It is a well-worn cliché that the gears of international diplomacy grind at a glacial pace. Breakthroughs often are preceded by years of background work during which progress barely crawls forward. So, it is not surprising that this year’s annual session of the Vienna-based U.N. Committee for Peaceful Uses of Outer Space (COPUOS) ended on June 20 without any decisions on the key question now bedeviling the global space community: How to ensure the long-term security of space operations in a more crowded, and more militarized, environment?
It is a well-worn cliché that the gears of international diplomacy grind at a glacial pace. Breakthroughs often are preceded by years of background work during which progress barely crawls forward. So, it is not surprising that this year’s annual session of the Vienna-based U.N. Committee for Peaceful Uses of Outer Space (COPUOS) ended on June 20 without any decisions on the key question now bedeviling the global space community: How to ensure the long-term security of space operations in a more crowded, and more militarized, environment? But careful study of the proceedings–as well as the flurry of discussions on the margins–reveals an unmistakable trend toward collective action.
Much of the debate regarding next steps for space has gone on behind the COPUOS scenes, in part to avoid the turf battles and politics that inevitably enmesh all U.N. endeavors–even on issues that all 67 member states see as critical. For example, it took five years of jockeying for COPUOS to agree last June on a set of voluntary guidelines for space debris mitigation, despite the fact that the committee had agreed on a mandate for action several years prior to the beginning of formal discussions in 2002. (Of course, compared with the turtle that is the Conference on Disarmament, which for more than a decade has been stuck in an ever-deepening rut over proposed talks on the prevention of an arms race in outer space–COPUOS is a veritable hare.)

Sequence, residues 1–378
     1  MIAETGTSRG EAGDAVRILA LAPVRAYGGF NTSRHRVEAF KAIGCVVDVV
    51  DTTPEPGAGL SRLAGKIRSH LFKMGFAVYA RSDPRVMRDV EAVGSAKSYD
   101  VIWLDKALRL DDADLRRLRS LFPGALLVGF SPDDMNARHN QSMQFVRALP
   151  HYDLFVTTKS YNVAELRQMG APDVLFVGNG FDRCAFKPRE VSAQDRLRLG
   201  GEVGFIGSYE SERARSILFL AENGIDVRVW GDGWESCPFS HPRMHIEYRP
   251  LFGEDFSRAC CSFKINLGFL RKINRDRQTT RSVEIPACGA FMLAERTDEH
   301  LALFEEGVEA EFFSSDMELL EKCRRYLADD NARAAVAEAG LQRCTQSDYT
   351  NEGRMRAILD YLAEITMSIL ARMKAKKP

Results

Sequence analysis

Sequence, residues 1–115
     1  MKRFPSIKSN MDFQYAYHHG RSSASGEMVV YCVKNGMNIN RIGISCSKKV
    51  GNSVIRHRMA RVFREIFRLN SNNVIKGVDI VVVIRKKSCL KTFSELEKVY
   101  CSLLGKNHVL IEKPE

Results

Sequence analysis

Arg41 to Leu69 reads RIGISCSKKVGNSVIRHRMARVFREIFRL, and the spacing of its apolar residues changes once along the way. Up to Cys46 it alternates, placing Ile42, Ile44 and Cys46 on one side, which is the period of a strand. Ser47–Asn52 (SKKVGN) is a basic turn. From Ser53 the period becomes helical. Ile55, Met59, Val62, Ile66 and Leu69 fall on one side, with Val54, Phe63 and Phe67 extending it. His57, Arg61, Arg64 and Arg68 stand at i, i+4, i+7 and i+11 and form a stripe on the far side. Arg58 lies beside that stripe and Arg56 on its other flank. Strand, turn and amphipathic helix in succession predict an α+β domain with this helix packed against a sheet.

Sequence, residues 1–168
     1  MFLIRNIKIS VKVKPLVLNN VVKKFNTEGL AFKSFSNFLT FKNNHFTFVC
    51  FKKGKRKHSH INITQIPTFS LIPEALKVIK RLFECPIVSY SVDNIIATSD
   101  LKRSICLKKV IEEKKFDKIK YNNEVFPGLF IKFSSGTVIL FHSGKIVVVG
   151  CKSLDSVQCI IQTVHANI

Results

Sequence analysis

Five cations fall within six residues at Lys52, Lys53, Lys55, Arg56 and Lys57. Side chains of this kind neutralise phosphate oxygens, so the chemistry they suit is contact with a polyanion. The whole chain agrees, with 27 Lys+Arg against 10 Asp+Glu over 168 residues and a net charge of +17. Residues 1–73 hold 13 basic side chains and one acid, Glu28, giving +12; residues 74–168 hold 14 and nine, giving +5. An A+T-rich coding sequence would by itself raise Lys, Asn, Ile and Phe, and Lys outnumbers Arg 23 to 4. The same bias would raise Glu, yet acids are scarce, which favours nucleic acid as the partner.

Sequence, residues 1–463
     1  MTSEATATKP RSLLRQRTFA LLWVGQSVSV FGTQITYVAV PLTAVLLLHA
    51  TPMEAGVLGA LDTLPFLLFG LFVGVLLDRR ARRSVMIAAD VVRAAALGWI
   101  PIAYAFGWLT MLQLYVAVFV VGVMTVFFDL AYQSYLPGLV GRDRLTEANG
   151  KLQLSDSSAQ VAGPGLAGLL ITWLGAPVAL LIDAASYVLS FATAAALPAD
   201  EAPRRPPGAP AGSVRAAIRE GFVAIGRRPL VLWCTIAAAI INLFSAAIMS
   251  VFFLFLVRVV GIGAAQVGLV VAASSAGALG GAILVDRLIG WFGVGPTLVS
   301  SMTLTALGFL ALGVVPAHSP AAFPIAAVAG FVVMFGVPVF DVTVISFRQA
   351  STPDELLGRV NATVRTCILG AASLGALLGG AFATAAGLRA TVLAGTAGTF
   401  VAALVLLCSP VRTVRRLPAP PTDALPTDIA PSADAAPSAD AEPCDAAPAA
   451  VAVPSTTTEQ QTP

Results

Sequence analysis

In fact, COPUOS’s success on space debris mitigation emboldened its outgoing chairman, French space scientist Gerard Brachet, to push for widening the committee’s scope to include discussions of possible “rules of the road” for space operations, as well as other issues such as cooperative space exploration. His June 2007 working paper of potential future COPUOS activities suggested that an analysis of potential “rules of the road” be taken up by the committee’s Science and Technical Subcommittee, working with other international organizations such as the International Telecommunications Union. Not coincidentally, Brachet’s overture was followed in September 2007 by a European Union (EU) call for COPUOS to consider a more specific code of conduct for space. Meanwhile, France announced its intention to formally propose that COPUOS be given a specific mandate, starting in 2009, to address “long-term sustainable space activities.” All three of these overlapping initiatives were on the table at the June 11-20 COPUOS meeting.